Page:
Brock Turner, the man who was convicted of sexually assaulting an unconscious woman behind a dumpster on the night of January 18th, 2015, was released from prison on the morning of September 2. He was charged with the assault of a 22-year-old woman — called “Emily Doe” to protect her identity. She wrote a moving and eloquent letter detailing the assault, her perspective, and her trauma.
Turner was convicted of three charges of felony sexual assault — assault with intent to commit rape of an intoxicated/unconscious person, penetration of an intoxicated person, and penetration of an unconscious person. This conviction carries with it a potential sentence of fourteen years in prison. The prosecutors of the case recommended six years, and the Judge — Superior Court Judge Aaron Persky — sentenced Turner to six months in Santa Clara County Jail, followed by three years probation. Turner served three months of that sentence.
This is stomach-turning. It is appalling. It is, without a doubt, an example of rape culture. Both Turner’s actions and the sentencing feel like a blow to the gut — they leave you winded and outraged. And it is by no means surprising. Turner is white, male, and young (nineteen at the time of the assault.) He was a student-athlete. We have all seen the headlines and links describing Turner as first and foremost a swimmer — printing his swim times alongside facts about the case, and displaying his swim team photo instead of his mugshot. Though the empirical data is lacking, studies show that athletes are more likely to be arrested for sexual assault than the rest of the population, and yet less likely to be convicted. A study published in 1997 by the Sociology of Sport Journal analyzed 217 criminal complaints and found that 54% of arrests in the general population for sexual assault result in conviction, compared to 31% of athletes arrested for sexual assault.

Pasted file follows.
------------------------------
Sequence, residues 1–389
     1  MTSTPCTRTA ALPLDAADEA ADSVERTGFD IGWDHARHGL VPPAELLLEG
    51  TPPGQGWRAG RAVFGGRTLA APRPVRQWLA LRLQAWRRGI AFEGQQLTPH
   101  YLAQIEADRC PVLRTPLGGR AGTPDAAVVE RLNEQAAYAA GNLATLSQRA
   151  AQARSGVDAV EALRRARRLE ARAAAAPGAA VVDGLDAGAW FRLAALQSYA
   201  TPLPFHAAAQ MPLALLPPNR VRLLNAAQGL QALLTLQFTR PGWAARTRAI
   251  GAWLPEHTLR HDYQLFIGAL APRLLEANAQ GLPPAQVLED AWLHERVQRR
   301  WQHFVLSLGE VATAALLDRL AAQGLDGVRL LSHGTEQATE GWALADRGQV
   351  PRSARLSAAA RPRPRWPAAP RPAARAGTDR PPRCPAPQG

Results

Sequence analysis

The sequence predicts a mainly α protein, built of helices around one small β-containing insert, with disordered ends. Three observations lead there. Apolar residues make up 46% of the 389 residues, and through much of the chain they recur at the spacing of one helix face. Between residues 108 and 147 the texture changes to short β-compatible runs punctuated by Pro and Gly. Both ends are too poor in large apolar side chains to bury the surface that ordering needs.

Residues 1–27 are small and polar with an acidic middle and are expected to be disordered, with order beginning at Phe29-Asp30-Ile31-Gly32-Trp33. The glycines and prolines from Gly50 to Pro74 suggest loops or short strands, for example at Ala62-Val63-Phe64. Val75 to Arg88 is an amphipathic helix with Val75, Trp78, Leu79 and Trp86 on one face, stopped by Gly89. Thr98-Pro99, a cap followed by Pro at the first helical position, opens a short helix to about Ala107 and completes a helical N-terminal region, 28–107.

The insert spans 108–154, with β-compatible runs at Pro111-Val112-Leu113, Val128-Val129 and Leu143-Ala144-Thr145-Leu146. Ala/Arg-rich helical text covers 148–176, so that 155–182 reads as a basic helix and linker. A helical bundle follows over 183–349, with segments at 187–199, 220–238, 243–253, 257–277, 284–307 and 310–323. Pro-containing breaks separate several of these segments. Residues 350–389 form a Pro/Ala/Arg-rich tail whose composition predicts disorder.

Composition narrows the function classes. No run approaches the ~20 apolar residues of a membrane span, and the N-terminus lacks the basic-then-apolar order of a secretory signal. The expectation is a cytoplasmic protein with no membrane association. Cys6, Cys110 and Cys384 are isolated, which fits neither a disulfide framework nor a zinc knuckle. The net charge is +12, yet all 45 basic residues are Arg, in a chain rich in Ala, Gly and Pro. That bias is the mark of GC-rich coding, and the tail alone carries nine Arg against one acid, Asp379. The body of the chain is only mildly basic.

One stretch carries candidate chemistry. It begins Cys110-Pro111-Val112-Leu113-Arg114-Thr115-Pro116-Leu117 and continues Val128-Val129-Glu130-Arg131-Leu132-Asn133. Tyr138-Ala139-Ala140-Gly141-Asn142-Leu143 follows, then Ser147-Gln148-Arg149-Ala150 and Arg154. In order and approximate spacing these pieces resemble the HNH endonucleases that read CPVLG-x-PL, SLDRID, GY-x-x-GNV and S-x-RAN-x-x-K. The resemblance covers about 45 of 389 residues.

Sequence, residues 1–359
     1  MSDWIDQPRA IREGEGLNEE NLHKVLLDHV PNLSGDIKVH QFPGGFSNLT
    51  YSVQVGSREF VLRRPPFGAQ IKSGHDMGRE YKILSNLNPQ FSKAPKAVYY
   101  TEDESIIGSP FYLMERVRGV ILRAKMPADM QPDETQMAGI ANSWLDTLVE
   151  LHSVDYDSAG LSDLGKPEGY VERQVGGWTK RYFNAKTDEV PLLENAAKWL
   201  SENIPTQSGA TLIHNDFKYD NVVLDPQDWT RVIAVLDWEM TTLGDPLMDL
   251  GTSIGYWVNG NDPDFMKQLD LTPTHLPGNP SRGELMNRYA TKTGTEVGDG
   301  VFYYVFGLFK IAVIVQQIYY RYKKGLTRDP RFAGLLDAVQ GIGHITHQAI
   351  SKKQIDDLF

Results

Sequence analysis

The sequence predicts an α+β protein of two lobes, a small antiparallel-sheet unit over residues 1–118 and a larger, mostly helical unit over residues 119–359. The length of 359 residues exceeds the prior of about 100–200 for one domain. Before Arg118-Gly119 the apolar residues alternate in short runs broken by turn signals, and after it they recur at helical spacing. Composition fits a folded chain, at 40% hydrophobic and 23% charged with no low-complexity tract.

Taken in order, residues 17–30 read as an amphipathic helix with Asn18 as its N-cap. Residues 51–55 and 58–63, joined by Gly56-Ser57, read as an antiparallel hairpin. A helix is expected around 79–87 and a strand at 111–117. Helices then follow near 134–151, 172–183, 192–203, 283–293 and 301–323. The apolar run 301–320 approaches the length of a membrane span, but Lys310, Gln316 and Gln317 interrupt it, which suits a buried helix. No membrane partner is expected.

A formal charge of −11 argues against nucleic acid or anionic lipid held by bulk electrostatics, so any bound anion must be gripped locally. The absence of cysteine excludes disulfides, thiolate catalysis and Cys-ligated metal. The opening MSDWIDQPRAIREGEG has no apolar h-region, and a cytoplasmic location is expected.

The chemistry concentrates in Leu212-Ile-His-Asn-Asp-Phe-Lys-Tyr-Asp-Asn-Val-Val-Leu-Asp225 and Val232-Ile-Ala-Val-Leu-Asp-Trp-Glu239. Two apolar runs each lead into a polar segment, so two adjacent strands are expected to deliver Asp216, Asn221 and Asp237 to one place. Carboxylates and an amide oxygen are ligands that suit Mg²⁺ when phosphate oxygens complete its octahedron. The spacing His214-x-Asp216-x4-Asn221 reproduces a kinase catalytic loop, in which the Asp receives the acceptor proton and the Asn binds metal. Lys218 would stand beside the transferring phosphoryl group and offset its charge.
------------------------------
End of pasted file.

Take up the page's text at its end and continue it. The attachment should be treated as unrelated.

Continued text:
In the past months, we have seen Daniel Holtzclaw, a man who used his power as an Oklahoma City police officer to look up women with prior convictions and force them to engage in sexual acts, was convicted of only eighteen of the thirty-six charges he faced. We watched as Jameis Winston, who now plays football in the NFL, received no jail time whatsoever for the assault of two of his fellow students – one of whom was driven out of the college town because she reported the crime. By now we are used to the fact that a rapist most often serves a much shorter sentence than those who are convicted of even drug-related and other non-violent crimes. This goes double if he is white and male. The conflagration of Turner’s privileges – his race, his gender, his class, and his status as an athlete — without a doubt indicate to the source of this extreme leniency.
Turner’s father wrote a letter defending his son, calling the charges “A steep price to pay for twenty minutes of action.” Gary Goodman, of the Santa Clara County Public Defender’s Office stated that Turner is “not a predator.” That it was “a bad mistake on that night. Nothing indicates it’s anything more or less than that. And he will suffer the consequences for the rest of his life.” This rhetoric is one that paints Turner as a young kid who somehow committed a crime ‘on accident’ – like mistakenly committing a parking violation, or perhaps jaywalking on an empty street. This language serves to remove Turner of culpability and erases the victim completely.